The first part of this series was an introduction to the core hardware for the SmartCar platform. This article covers the power supply, controller and sensors.
One design decision I made early in this project was to use screw terminal connectors wherever possible to make it easy to move wires around.
Many similar projects use duPont connectors but I have found them too easy to dislodge. Screw terminals provide a positive clamping force that resists vibration/rough handling and maintain good electrical contact.
When powered by my bench power supply, with motors running at 100% PWM and all other systems active, the total current draw for the SmartCar was less than 500mA.
During autonomous running, the SmartCar is powered by a 3S 11.V 700mAh LiPo battery pack. The battery has good enough capacity, is relatively small and fits neatly in between the decks of the SmartCar, held in place with a velcro loop.
The LiPo battery voltage is regulated by a couple of step-down buck converters adjusted to give the required output for the motors and electronics. A switch mounted on the robot disconnects the battery to turn the robot off.
A bonus of using this arrangement is that the buck converters isolate the motor controllers PWM electrical noise from affecting the digital circuits.
The motor regulator is located inline with the wiring for the motors, in the bottom section, and attached with a small piece of velcro to the deck to stop it moving.
The digital supply regulator is mounted to a small piece of prototyping PCB on the top deck of the SmartCar, where all the digital circuits are. The regulated output is distributed to six pairs of screw connectors, convenient for connecting the controller and assorted sensors.
For the brains of the robot I decided to use an Arduino Nano. These are freely available, inexpensive and have a built-in USB connector. Screw connector PCBs for this footprint are also commonly available cheaply.
Sensor Hardware (Application Specific)
The most basic sensor for any SmartCar is a bumper switch. These come in many designs, as illustrated below.
The cheapest of these are simple ‘whisker’ type arrangements – inspired by the RedBot bumper above – implemented in the photo below.
The whiskers are made from bent piano wire. Electrical contact is made between the wire and the nuts on the prototype PCB board when the wire hits a solid object and bends back.
The base of the wire is connected to a digital I/O pin pulled high. Closing the circuit shorts the input to ground and the bumper switch is detected as ‘active’.
In practice the whiskers are adequate, but they occasionally get hooked on objects when the vehicle reverses. A better design is probably needed for a future version.
The SmartCar needs some form of distance measuring sensor to avoid hitting other objects.
A common and inexpensive solution for this is the HC-SR04 Sonar sensor. This device has a simple interface and is well supported by the Arduino community, with several libraries available.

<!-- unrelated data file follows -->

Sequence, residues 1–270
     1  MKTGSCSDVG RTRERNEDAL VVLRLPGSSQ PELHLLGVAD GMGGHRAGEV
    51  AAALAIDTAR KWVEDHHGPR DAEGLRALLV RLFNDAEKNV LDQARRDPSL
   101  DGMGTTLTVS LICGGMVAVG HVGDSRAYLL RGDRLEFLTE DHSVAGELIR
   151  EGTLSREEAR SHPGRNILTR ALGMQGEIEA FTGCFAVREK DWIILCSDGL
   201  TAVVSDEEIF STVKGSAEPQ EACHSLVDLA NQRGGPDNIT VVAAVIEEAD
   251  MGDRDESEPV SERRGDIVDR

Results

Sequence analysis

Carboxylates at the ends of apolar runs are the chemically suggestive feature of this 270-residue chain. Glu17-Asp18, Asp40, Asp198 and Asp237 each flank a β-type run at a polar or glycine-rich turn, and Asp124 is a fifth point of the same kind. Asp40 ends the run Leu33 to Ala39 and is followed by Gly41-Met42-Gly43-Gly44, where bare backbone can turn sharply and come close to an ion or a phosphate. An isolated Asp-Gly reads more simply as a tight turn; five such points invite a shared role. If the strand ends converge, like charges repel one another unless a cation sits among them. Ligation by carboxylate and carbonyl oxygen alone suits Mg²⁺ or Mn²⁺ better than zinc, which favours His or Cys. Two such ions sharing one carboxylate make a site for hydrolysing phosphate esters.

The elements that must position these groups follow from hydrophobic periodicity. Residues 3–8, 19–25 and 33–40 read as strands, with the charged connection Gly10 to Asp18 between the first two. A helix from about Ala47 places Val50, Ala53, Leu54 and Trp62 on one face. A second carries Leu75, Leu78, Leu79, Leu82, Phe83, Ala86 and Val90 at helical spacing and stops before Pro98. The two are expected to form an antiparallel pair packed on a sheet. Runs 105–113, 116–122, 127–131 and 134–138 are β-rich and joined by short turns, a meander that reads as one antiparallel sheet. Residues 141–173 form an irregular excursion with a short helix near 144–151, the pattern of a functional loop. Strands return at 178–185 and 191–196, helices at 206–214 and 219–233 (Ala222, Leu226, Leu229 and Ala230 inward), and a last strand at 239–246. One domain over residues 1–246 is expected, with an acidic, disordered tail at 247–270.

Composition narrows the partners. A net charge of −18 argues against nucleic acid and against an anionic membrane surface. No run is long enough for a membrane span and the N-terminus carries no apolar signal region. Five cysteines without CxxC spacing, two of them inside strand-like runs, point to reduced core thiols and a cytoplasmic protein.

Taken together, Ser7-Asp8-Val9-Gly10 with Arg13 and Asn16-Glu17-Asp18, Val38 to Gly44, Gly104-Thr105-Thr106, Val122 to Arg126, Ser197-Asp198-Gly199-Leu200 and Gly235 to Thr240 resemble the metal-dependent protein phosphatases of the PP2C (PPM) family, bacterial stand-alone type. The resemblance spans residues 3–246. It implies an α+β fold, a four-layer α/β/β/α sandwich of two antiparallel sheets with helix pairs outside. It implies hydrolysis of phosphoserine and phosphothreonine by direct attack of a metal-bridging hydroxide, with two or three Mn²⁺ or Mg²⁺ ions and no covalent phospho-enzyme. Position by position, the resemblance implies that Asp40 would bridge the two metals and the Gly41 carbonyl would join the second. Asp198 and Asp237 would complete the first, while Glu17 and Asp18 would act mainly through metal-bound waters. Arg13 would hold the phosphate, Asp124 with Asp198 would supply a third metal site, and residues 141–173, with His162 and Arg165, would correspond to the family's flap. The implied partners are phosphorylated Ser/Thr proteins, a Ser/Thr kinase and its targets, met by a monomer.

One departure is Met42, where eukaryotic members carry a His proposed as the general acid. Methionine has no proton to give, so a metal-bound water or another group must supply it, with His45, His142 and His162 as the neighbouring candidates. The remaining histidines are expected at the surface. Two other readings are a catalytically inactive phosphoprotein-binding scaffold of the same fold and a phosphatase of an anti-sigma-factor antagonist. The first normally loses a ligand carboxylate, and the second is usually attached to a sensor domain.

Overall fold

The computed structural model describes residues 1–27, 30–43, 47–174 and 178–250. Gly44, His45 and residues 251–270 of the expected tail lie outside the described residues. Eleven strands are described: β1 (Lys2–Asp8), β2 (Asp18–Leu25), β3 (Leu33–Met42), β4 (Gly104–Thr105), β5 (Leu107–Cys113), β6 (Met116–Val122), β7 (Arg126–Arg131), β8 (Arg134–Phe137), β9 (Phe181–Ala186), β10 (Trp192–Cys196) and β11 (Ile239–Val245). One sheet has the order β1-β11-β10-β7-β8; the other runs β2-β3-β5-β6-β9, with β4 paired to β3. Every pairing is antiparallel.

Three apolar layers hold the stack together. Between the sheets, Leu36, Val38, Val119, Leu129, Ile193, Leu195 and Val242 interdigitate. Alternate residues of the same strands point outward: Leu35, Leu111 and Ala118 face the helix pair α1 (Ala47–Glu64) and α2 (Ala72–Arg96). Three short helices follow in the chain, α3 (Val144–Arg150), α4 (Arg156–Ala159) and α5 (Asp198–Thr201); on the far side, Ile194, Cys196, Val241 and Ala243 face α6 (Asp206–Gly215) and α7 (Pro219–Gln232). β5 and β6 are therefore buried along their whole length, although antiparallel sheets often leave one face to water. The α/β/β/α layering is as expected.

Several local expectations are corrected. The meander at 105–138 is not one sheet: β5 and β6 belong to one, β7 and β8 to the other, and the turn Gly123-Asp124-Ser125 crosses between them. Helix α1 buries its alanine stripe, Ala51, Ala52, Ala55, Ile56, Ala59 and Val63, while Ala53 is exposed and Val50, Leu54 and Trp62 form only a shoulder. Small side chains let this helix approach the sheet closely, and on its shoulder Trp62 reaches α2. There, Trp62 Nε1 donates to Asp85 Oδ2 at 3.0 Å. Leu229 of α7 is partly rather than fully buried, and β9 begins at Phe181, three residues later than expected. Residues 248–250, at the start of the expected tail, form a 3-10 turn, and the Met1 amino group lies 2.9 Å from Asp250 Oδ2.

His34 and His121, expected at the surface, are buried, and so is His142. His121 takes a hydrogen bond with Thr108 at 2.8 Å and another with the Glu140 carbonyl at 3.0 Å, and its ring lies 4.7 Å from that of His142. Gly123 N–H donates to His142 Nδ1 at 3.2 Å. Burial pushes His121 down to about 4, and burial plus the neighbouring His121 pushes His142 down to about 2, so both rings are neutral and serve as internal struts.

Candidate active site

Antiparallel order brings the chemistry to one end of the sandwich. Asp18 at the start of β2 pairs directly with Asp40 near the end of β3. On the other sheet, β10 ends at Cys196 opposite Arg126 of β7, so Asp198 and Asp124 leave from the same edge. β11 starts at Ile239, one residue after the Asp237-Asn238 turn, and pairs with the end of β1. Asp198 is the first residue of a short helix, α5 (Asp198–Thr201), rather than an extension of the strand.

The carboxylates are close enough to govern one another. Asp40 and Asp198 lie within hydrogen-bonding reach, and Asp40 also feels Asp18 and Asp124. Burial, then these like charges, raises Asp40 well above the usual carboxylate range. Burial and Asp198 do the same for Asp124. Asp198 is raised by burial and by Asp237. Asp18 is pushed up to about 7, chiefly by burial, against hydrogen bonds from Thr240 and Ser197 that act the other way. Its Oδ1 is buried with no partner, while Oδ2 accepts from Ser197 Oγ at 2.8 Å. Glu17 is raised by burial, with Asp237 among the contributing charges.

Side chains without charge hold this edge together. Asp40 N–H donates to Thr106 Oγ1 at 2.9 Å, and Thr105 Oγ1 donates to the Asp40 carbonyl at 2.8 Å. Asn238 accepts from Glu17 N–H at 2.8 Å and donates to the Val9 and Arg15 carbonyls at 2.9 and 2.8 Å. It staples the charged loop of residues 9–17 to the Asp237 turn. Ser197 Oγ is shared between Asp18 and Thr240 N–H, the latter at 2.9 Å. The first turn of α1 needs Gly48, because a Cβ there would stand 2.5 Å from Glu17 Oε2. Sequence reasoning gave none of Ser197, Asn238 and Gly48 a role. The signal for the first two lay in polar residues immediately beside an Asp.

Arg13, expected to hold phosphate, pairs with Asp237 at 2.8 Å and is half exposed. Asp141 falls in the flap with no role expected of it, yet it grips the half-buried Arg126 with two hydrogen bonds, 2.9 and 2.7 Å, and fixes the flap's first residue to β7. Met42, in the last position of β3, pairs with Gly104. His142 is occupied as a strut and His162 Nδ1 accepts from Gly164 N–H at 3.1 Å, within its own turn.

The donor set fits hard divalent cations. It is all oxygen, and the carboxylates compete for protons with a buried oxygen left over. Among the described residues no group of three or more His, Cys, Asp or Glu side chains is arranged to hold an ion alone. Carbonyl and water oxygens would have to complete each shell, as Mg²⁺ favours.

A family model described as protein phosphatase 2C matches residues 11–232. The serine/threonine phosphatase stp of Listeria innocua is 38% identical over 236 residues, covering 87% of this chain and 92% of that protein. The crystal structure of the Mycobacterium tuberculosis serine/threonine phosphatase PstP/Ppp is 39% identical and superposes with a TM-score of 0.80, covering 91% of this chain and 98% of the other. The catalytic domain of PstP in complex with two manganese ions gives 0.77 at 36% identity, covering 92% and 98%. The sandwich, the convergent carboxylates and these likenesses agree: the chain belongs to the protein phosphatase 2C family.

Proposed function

This project uses three sonar sensors – one at the front and one on each side – attached using simple support brackets. As the most useful distance is measured in the forward direction, an alternative arrangement would be to use one sensor mounted on a servo and sweep it side to side, like a radar turret, when the side distances are needed.
These sensors emit a modulated ultrasonic ‘ping’ and measure the time for the echo return. This time is converted to a distance by using the speed of sound through the air (which is also dependent on the air temperature, but that is mostly ignored in applications).
The normal interface for this sensor uses 2 pins (Sens and Trig) but the NewPing Library (available here) can use one processor I/O pin for both signals, saving me 3 digital I/O for other uses. The library also performs all the required calculations and returns the distance measured.
The ping sensors performed quite well in detecting solid obstacles (walls, bodies, hard furniture) but were inconsistent in detecting anything covered in softer materials (cushioned furniture, curtains). Some form of LIDAR (like a VL53LOX time of flight distance sensor) may be worth the extra expense in a future implementation.
A light sensor is optional, but is useful to implement behaviours that move the SmartCar towards or away from a light source.
A simple implementation uses two Light Dependent Resistors (LDRs), raised above the height of the vehicle, to discriminate light levels on either side of the sensor (shown below).
The LDR connection is a simple voltage divider to the controller’s analog inputs. I designed the sensor to be tall and pluged into a socket on the top deck of the SmartCar (see below). The sensor was positioned to measure light either side of the vehicle, but could equally be rotated for front/back and back measurements instead.
While not strictly a sensor, wireless remote communications with the SmartCar are a useful feature that allows for remote control and telemetry monitoring data.
A functional and inexpensive solution is a Bluetooth serial link. I had a HC05 module at hand and so used it for this purpose.
The BT module is also plugged into a socket (see photo above) on top of the rover. As the HC05 needs 3V signals, the socket provides the simple voltage divider (circuit above) to convert the Arduino 5V transmit into the BT 3V signal; the receive signal works without conversion straight from the BT module.
Using sockets for the light and BT modules also enables me to reuse them on other robots if needed.
SmartCar Hardware Assembled
The photos below show the SmartCar with all described hardware installed.
The next part of this series will discuss the control philosophy used to manage the SmartCar.